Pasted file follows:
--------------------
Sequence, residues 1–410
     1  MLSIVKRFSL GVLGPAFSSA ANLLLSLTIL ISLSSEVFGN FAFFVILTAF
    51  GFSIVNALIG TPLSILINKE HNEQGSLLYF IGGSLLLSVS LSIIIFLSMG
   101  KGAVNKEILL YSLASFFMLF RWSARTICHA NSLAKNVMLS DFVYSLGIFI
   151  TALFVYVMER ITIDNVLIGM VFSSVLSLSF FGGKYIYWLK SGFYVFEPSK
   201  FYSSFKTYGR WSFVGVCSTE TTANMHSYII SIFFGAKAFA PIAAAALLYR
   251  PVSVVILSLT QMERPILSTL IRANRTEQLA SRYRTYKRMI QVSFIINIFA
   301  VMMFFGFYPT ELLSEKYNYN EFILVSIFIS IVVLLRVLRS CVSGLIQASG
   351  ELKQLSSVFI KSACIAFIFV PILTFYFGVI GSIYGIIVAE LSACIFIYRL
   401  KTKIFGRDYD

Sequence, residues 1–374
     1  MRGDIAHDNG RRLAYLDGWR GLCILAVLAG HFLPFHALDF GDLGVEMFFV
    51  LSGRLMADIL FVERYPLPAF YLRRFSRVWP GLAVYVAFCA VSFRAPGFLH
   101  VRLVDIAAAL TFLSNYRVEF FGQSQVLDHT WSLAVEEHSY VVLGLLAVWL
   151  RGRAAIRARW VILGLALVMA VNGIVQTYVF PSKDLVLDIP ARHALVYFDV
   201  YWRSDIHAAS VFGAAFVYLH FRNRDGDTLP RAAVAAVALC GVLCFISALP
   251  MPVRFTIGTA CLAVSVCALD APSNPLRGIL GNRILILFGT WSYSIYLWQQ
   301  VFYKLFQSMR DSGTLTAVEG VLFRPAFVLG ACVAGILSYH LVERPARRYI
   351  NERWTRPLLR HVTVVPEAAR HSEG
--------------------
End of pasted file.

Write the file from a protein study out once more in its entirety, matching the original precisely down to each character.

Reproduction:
Sequence, residues 1–410
     1  MLSIVKRFSL GVLGPAFSSA ANLLLSLTIL ISLSSEVFGN FAFFVILTAF
    51  GFSIVNALIG TPLSILINKE HNEQGSLLYF IGGSLLLSVS LSIIIFLSMG
   101  KGAVNKEILL YSLASFFMLF RWSARTICHA NSLAKNVMLS DFVYSLGIFI
   151  TALFVYVMER ITIDNVLIGM VFSSVLSLSF FGGKYIYWLK SGFYVFEPSK
   201  FYSSFKTYGR WSFVGVCSTE TTANMHSYII SIFFGAKAFA PIAAAALLYR
   251  PVSVVILSLT QMERPILSTL IRANRTEQLA SRYRTYKRMI QVSFIINIFA
   301  VMMFFGFYPT ELLSEKYNYN EFILVSIFIS IVVLLRVLRS CVSGLIQASG
   351  ELKQLSSVFI KSACIAFIFV PILTFYFGVI GSIYGIIVAE LSACIFIYRL
   401  KTKIFGRDYD

Sequence, residues 1–374
     1  MRGDIAHDNG RRLAYLDGWR GLCILAVLAG HFLPFHALDF GDLGVEMFFV
    51  LSGRLMADIL FVERYPLPAF YLRRFSRVWP GLAVYVAFCA VSFRAPGFLH
   101  VRLVDIAAAL TFLSNYRVEF FGQSQVLDHT WSLAVEEHSY VVLGLLAVWL
   151  RGRAAIRARW VILGLALVMA VNGIVQTYVF PSKDLVLDIP ARHALVYFDV
   201  YWRSDIHAAS VFGAAFVYLH FRNRDGDTLP RAAVAAVALC GVLCFISALP
   251  MPVRFTIGTA CLAVSVCALD APSNPLRGIL GNRILILFGT WSYSIYLWQQ
   301  VFYKLFQSMR DSGTLTAVEG VLFRPAFVLG ACVAGILSYH LVERPARRYI
   351  NERWTRPLLR HVTVVPEAAR HSEG